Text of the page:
The once high-flying fintech startup sent a note to employees (that was also published on the company’s website) today, announcing the news.
In addition, Brex announced that its COO, Michael Tannenbaum, is transitioning from his role to become a board member. Camilla Morais, who was SVP of global operations, is being promoted to COO. And Cosmin Nicolaescu is transitioning from his role as CTO to an adviser position this summer.
In the note to employees, co-founder and co-CEO Pedro Franceschi wrote that the company was now “emphasizing long-term thinking and ownership over short-term gains” in its comp structure.
“The opportunity ahead of Brex is massive, and we want everyone staying to have high conviction and financial upside in our equity,” he added.
Franceschi also said the company is changing its operating model, expecting leaders to “operate at all levels moving forward, promoting from within, increasing in-person collaboration in our hubs, and concentrating the time zones in which we operate.”
Not its first rodeo
In October of 2022, Brex laid off 136 people, or 11% of its staff, across all departments as part of a restructuring. After those layoffs, Brex had just over 1,150 employees.
It is not clear how many employees Brex has today, though its layoff indicates the figure at around 1,300 before its previous cuts.
The latest layoff news comes amid a report from The Information that the company reportedly told employees that it burned $17 million a month in the fourth quarter of 2023 and that it only had “enough cash to last through March 2026.” A spokesperson for Brex told that publication on Monday that the company’s cash runway is now four years.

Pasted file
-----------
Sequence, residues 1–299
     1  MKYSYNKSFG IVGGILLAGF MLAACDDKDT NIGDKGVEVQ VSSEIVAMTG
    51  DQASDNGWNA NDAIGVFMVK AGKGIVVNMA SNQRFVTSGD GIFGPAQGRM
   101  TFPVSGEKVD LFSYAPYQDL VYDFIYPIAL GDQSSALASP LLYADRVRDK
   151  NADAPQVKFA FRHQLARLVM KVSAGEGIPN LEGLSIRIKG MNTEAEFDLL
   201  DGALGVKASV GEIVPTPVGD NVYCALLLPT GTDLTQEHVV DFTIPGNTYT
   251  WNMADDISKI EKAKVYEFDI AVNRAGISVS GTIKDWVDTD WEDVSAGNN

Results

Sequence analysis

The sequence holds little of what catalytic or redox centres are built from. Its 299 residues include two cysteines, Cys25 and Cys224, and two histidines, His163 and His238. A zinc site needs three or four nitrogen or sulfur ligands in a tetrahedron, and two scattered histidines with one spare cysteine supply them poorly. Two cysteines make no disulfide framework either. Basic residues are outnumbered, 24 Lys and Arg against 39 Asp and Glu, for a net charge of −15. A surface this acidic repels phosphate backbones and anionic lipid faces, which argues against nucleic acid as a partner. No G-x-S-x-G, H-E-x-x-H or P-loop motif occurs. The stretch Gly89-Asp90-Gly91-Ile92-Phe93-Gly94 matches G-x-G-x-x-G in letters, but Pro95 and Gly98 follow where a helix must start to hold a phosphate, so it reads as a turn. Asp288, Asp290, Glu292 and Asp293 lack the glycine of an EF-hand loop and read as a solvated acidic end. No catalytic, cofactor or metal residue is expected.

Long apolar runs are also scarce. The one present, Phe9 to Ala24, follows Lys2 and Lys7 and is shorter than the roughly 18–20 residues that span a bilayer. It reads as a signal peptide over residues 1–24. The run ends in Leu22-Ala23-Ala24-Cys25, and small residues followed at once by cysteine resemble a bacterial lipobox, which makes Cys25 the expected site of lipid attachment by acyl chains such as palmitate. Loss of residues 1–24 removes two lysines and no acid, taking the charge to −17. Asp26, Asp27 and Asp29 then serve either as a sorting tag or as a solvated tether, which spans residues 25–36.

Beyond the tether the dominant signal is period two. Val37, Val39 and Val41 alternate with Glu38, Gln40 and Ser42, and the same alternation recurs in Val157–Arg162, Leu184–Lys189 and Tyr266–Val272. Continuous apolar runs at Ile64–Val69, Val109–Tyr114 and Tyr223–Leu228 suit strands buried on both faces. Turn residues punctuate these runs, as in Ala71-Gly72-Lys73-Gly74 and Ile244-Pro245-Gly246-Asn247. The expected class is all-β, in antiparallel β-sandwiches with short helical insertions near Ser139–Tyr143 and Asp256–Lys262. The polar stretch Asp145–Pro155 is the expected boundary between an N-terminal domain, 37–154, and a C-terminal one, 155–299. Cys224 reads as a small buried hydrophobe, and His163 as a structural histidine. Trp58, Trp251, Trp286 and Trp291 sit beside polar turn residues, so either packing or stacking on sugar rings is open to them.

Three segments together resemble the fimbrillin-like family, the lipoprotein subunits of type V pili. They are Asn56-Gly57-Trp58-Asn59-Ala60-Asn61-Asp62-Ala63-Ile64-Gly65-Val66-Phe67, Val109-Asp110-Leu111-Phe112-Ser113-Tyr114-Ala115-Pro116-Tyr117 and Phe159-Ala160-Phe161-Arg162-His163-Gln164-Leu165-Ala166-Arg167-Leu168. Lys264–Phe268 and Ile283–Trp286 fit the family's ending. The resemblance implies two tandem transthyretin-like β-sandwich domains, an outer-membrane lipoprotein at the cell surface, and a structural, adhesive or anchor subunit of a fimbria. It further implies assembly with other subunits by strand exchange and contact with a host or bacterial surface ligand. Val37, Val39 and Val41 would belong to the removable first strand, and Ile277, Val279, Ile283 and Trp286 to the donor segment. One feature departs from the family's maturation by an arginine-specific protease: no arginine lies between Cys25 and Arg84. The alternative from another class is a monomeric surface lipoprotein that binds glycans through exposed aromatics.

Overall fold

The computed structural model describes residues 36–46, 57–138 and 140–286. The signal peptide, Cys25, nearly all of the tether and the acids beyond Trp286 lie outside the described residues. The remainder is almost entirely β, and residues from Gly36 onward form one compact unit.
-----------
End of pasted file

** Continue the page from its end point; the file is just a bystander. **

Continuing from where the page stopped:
When asked about financials, a company spokesperson told TechCrunch that the data was “inaccurate,” directed me to the note announcing the layoffs and wrote: “The changes today are driven by a desire to make Brex more agile and accelerate our path to profitability, building on the growth we had in 2023. We grew our revenue 35%+ in 2023 while gross profit increased by 75%. This reduction in force puts us on a clear path towards profitability.”
She added: “Brex’s financial plan is to be well above cash flow positive with the current cash we have, which calls for around 4 years of runway. Plus, cherry picking certain months for financial burn is not the correct way to look at burn.”
Brex had a short-term boost to its business after the collapse of Silicon Valley Bank last year. But that growth has since slowed, largely due to the hike in interest rates and resulting slowdown in VC funding. With more startups failing and not growing, many of Brex’s customers began spending less overall.
The company’s annualized net revenue was $279 million in the fourth quarter. While that was up 32%, most of that growth took place in the first quarter of the year.
Employees affected by the restructuring will receive eight weeks of severance, with two additional weeks of pay for each additional year of service. The company is also offering a waiver of the one-year equity cliff for those who haven’t reached theirs yet.
Things at Brex have been up and down since June of 2022, when the company declared that it was “less suited to meet the needs of smaller customers” in an announcement that caused shock waves in the startup community.
While Brex soon clarified that by smaller customers it meant small- to medium-sized businesses and non-funded startups, the move still felt like a stunning reversal, considering the company had started its life as a credit card company for startups. The announcement came about two months after Brex announced a “big push into software” and that it was placing greater emphasis on moving upmarket to serve larger, enterprise customers.
Last June, the company seemed to have an about-face, tapping Jason Mok, a former Andreessen Horowitz (a16z) operating partner and more than 16-year veteran of Silicon Valley Bank as its new head of startups. Brex co-founder and co-CEO Henrique Dubugras told TechCrunch at the time that “founders and startups have always been at the core of Brex.”
The spend management space has grown increasingly competitive with players such as Ramp, Navan, Mesh Payments and Airbase (among others) clamoring for market share. In December, Navan, an expense management startup once known as TripActions, laid off 5% of its staff, or 145 people.
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